The 2014 Affirmation Conference: Agency and Community
October 12, 2014
By John Gustav-Wrathall
Observers of the American religious scene, and observers of Mormonism within that scene, are talking about a burgeoning “crisis of faith.” The question of what place there is within the Church of Jesus Christ of Latter-day Saints for lesbian, gay, bisexual and transgender people is one of a constellation of issues that are identified in relation to this faith crisis. However central or peripheral issues of sexual orientation and gender identity may be to the larger Mormon faith crisis, a crisis of faith is almost inevitable for LGBT Mormons. No organization or conference claiming to address the needs of LGBT Mormons could do so successfully without acknowledging the reality of this crisis of faith, and without taking an open ended approach to it, without preconceived notions of how to deal with it. The recent Affirmation Annual International Conference, held in Salt Lake City September 12-15, 2014, attempted to do just that, by providing opportunities to approach both Mormonism and being LGBT from a wide range of perspectives, both in terms of how individuals identify themselves as LGBT, and how they seek answers to urgent questions of ultimate meaning.
Historically the LGBT Mormon community has tended to bifurcate on either side of a fault line of orthodox faith versus sexual identity and/or gender identity. You could be LGBT and ex-Mormon, or Mormon and struggling to overcome same-sex attraction and/or gender confusion. The realities of people’s individual lives have, of course, always been more nuanced and complex. But LGBT Mormon organizations have generally preferred to prescribe specific solutions, either by offering to help individuals “overcome” same-sex attraction, or ease the transition out of Mormonism. These approaches exacerbated the bifurcation. Community organizations have found it difficult to find and preserve a balance that empowered individuals and encouraged them to self-determine within a context of loving community. Affirmation has tried to do this in the past with varying degrees of success, and in recent years has renewed efforts at greater neutrality and balance, despite pressures to lean one way or the other in relation to that fault line of orthodox faith versus sexual or gender identity. Whether Affirmation’s current efforts are durable remains to be seen, but the 2014 Annual Conference represented perhaps our best effort yet toward achieving balance and providing options that could empower individuals to determine their own course through difficult terrain.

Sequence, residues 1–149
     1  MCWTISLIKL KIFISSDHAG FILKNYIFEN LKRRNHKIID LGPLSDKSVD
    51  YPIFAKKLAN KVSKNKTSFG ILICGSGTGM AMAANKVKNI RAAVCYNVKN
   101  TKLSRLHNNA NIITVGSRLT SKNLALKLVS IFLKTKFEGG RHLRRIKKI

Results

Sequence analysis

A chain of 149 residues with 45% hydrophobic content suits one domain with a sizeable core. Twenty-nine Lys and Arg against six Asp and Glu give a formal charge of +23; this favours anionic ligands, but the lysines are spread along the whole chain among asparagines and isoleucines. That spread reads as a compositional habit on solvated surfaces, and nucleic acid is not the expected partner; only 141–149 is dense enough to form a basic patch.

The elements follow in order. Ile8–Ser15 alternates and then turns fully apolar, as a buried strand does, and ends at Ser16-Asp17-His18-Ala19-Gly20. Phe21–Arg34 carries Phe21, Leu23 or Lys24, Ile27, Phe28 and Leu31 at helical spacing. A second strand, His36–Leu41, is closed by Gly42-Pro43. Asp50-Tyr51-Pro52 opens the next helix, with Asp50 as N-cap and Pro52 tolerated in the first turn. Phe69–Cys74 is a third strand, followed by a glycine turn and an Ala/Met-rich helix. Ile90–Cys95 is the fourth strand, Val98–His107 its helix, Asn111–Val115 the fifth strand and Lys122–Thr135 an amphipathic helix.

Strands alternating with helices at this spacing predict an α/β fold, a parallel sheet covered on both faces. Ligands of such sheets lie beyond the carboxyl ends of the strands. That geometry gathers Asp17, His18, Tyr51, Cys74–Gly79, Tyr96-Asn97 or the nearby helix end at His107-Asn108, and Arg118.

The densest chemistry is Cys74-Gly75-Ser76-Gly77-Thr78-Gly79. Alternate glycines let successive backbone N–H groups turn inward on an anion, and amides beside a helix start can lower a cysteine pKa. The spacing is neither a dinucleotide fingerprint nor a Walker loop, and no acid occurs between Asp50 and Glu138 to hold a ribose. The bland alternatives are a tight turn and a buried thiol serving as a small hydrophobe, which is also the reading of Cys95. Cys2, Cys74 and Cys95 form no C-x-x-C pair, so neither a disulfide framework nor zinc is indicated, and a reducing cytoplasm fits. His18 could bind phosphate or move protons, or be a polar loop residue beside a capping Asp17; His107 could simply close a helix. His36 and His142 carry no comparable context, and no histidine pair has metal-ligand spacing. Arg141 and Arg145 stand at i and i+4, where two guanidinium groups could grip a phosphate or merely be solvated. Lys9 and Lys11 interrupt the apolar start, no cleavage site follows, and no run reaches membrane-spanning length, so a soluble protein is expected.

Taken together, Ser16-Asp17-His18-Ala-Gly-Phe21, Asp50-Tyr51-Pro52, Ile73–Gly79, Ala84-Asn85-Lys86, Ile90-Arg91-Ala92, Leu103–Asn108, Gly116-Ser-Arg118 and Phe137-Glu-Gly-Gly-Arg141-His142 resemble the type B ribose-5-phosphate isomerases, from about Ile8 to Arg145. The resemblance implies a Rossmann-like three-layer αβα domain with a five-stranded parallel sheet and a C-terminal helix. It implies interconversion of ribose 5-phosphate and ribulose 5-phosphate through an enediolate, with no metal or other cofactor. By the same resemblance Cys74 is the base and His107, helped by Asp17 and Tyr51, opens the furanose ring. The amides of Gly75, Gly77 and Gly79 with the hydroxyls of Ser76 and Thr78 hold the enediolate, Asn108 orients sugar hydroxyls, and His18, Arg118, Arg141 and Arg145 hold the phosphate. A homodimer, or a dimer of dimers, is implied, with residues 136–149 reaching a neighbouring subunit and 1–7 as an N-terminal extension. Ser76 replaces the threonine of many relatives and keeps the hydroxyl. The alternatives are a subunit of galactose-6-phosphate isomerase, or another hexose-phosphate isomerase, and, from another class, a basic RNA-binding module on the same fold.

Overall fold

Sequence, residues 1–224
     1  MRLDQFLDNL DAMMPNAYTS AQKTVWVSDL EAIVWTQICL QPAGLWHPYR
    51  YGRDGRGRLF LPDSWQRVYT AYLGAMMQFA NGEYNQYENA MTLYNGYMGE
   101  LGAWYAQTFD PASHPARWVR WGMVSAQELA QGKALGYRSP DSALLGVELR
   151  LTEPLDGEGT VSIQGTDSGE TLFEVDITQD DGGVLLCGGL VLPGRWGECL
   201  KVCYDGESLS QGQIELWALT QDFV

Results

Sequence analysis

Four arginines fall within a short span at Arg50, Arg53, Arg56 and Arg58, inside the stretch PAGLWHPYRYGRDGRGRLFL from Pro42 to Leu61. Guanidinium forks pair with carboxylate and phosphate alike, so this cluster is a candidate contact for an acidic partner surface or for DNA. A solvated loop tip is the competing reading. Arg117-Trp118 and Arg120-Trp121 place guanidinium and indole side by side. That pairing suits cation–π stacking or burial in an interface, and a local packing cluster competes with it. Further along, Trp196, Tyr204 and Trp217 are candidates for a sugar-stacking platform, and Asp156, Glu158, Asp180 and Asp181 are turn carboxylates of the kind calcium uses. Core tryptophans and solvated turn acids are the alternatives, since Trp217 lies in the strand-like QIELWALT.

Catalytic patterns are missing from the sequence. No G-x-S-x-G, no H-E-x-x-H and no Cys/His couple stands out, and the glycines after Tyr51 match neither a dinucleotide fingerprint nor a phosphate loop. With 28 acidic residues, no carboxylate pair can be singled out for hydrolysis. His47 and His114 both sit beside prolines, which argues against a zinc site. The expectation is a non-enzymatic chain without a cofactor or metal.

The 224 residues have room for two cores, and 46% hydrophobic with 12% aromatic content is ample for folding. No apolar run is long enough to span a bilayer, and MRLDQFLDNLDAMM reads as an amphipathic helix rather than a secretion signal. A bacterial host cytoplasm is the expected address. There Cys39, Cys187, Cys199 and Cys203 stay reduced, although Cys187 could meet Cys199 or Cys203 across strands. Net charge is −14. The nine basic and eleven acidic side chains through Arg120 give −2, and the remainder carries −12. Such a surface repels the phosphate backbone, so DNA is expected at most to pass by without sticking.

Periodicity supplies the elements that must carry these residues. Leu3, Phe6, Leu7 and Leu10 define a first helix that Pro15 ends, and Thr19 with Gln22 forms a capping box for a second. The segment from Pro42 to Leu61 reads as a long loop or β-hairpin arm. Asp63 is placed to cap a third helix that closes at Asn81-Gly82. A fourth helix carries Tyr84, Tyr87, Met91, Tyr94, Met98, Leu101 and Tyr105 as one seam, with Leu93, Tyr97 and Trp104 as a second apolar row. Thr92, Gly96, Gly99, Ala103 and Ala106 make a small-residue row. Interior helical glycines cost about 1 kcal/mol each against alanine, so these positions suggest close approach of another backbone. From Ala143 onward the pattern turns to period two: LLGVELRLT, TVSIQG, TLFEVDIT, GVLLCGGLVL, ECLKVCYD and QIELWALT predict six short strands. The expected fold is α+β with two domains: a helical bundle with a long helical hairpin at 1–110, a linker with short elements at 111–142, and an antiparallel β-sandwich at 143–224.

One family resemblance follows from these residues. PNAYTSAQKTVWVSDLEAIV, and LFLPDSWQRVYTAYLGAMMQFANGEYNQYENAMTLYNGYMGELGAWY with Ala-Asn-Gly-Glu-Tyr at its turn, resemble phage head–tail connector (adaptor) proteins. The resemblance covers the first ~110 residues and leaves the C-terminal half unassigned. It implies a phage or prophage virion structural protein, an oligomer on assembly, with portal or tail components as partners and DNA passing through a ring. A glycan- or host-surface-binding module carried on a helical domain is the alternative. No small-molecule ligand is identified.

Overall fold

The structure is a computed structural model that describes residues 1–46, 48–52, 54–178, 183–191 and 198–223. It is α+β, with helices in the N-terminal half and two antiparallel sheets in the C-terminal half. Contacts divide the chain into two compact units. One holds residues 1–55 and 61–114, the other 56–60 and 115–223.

The opening keynote speaker, Darius Gray, spoke from a perspective firmly grounded in LDS faith. Gray is an African-American Mormon, who could speak to the experience of being a faithful, active Mormon from the era before the 1978 revelation allowing blacks to hold the priesthood until the present, who played a pioneering role within the Mormon Church and has served as a leader within the black Mormon community. Given this experience, Gray was able to speak to issues of inclusion and exclusion, the difference between LDS doctrine and Mormon culture, and the dynamic, nuanced relationship between personal revelation and official church teaching, all issues of vital relevance to LGBT Mormons today.
Other keynote speakers included Spencer Day, a jazz vocalist, Clark Johnson, a member of the original cast of The Book of Mormon: The Musical, Spencer and Dustin Reeser-Stout, known for their viral Home Depot marriage proposal YouTube video, and Eri Hayward, who was featured in the acclaimed documentary Transmormon. These speakers were all individuals who had wrestled with their faith as Latter-day Saints, and eventually found it necessary to leave or distance themselves from the LDS church. They described a landscape with which many LGBT Mormons are familiar, exploring questions of whether one should trust oneself over what one is being told by trusted family, church members and church leaders; how to make sense of seeming contradictions between deeply held beliefs and one’s personal experience; and dealing with acceptance or rejection from family and friends.